Report: Chris Sale could be punished for throwing behind Manny Machado

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Update (4:57 PM ET): Rosenthal says he made a leap suggesting that Sale would “likely” be punished.

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On Tuesday, drama between the Orioles and Red Sox continued. For those that aren’t up to speed on the situation: On April 21 in Baltimore, Manny Machado slid hard into second base trying to break up a double play attempt. In doing so, he slid into Dustin Pedroia, injuring him. Two days later, reliever Matt Barnes threw a fastball at Machado’s head. He was ejected immediately and was handed a four-game suspension shortly thereafter. The two clubs opened up another series with each other on Monday and there was mostly no drama. Orioles pitcher Dylan Bundy did hit Mookie Betts with a pitch, but it appeared to be unintentional. On Tuesday, in the first inning, Sox starter Chris Sale threw a fastball behind Machado, clearly intending to hit him. Both teams were given warnings. After the game, Machado expressed his displeasure with Sale and the Red Sox as an organization.

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According to Ken Rosenthal of FOX Sports, chief baseball officer Joe Torre said that Sale will likely be punished for his actions. Torre was on a conference call with commissioner Rob Manfred as well as the managers and general managers of both teams.

Torre said, “Players deserve to be on the field. We appreciate your passion but we certainly need to have the focus on playing games instead of trying to get even, if somebody thinks they need to get even.”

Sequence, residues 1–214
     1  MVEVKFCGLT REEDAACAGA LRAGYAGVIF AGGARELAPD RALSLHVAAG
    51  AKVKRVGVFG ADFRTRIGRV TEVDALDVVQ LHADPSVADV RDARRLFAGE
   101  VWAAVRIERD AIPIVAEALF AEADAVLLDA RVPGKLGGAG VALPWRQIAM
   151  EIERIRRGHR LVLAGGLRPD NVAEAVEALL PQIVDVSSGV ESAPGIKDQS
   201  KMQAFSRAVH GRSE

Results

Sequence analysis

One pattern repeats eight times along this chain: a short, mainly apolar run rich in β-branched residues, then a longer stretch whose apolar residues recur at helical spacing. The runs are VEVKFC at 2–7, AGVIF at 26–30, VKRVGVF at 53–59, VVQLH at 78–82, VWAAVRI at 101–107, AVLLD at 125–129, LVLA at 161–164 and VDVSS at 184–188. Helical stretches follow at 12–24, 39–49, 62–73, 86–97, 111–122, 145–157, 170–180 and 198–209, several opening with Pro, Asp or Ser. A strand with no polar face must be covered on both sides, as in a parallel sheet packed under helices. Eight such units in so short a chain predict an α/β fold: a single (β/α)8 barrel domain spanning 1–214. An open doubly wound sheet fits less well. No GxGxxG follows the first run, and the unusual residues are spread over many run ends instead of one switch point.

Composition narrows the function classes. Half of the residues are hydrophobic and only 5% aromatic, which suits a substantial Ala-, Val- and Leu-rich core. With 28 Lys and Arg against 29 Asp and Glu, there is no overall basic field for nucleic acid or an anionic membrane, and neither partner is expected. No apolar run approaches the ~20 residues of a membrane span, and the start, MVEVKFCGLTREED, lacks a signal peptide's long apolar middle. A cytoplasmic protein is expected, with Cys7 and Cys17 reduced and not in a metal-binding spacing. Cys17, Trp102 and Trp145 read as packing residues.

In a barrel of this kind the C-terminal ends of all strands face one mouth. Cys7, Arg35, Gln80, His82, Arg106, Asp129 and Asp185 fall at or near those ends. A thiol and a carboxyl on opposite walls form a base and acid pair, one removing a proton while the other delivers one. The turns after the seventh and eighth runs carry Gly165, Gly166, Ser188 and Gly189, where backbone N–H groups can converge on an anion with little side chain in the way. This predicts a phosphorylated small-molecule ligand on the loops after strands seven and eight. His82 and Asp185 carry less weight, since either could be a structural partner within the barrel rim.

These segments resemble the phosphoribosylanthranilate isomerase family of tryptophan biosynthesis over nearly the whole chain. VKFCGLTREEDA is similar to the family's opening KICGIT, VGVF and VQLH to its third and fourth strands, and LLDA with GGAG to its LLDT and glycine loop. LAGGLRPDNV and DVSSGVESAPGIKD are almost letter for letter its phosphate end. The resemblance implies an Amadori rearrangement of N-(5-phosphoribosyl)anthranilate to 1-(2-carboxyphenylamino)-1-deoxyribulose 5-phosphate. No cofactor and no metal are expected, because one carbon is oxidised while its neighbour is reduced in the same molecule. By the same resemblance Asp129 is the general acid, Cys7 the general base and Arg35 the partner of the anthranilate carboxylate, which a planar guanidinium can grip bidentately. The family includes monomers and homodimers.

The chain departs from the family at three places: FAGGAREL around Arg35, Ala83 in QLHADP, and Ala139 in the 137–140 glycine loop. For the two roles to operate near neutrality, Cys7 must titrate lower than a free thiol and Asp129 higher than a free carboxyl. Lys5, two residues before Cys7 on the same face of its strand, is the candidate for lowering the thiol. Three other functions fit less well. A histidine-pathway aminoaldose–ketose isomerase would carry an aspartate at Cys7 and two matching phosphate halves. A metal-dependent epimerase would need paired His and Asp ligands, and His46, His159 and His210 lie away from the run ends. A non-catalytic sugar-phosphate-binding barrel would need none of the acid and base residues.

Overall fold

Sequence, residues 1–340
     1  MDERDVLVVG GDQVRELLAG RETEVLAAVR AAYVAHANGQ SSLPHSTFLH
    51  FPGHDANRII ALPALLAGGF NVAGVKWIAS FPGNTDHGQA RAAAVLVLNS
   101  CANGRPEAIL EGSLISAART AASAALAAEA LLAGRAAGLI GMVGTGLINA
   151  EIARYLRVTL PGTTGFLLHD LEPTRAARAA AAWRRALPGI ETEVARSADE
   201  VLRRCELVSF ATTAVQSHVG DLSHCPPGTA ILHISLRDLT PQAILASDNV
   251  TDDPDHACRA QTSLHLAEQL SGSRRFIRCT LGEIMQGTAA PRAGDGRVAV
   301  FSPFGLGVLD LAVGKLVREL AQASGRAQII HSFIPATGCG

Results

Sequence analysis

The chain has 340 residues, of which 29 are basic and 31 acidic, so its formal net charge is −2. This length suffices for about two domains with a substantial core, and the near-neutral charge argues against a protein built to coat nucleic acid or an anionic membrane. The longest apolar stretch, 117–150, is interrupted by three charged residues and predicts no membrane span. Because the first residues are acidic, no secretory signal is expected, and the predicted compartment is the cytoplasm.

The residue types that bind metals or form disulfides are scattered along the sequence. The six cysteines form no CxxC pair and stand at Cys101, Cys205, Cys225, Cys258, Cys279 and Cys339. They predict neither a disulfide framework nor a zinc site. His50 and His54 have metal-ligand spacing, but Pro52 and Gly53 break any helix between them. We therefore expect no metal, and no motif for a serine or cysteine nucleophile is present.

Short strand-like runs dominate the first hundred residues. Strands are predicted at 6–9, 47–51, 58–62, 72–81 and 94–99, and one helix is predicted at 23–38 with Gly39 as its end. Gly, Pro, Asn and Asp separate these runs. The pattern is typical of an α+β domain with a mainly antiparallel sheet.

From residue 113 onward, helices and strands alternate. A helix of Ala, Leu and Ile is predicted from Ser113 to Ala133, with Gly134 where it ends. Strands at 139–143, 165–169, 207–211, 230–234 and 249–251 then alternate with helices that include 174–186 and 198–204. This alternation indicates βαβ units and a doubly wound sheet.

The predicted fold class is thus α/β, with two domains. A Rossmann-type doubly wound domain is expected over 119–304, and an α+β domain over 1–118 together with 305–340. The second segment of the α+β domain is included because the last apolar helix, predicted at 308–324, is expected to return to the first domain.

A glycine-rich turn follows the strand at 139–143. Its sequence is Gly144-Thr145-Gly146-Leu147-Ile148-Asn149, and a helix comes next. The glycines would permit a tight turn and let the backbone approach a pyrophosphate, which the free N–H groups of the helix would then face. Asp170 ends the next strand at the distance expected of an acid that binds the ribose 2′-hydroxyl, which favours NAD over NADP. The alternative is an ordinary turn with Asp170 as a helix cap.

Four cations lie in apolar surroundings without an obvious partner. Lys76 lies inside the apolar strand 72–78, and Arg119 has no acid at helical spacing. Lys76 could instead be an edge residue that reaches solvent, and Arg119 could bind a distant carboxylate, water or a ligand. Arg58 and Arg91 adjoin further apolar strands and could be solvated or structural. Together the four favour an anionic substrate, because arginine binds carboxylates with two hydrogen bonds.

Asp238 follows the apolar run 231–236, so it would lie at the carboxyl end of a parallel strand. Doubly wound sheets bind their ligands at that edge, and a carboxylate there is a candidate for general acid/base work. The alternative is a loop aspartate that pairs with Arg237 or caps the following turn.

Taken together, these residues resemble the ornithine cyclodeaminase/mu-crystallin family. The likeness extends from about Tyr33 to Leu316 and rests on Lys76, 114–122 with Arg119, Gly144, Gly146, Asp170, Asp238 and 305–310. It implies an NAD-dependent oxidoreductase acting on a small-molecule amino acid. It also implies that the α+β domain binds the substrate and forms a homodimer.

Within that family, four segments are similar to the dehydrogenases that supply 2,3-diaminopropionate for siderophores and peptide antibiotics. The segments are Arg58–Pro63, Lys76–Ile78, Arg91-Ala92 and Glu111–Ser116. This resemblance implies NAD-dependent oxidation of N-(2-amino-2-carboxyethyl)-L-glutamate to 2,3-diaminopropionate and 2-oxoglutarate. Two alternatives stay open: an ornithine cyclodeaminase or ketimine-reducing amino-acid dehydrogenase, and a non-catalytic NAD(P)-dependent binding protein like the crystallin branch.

Torre’s full comments can be found in Rosenthal’s article.

Sale should be suspended. If he is, it should be long enough to serve as an actual detriment. If the punishment is, for example, a five-game suspension, the Red Sox can just shuffle their rotation around a bit and it will be as if Sale didn’t miss any time at all. If players are losing half the season for failing a drug test, they should lose as much time for endangering their peers.

Orioles CEO, brother agree to dismiss legal dispute

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Baltimore Orioles CEO John Angelos and his brother Lou have agreed to end their fight over a lawsuit in which Lou accused John of seizing control of the team in defiance of their father Peter’s wishes.

Lou Angelos sued John last year, claiming John took control of the Orioles at his expense. Georgia Angelos, their mother, also was named as a defendant.

In a Friday court filing in the case, John, Lou, Georgia and Peter Angelos called on “all claims, including all counterclaims and defenses, asserted therein be dismissed with prejudice in their entirety.”

“The Parties also withdraw and terminate all pending motions submitted in these actions,” the filing said.

Peter Angelos became the Orioles’ owner in 1993, but his public role has diminished in recent years and he turned 93 last year. According to the suit, he had surgery after his aortic valve failed in 2017.

Lou Angelos accused John of trying to take control of Peter Angelos’ assets and manipulating Georgia Angelos. The lawsuit was one of a handful of off-field issues looming over the Orioles this offseason. The team also has a lease at Camden Yards that expires at the end of the year.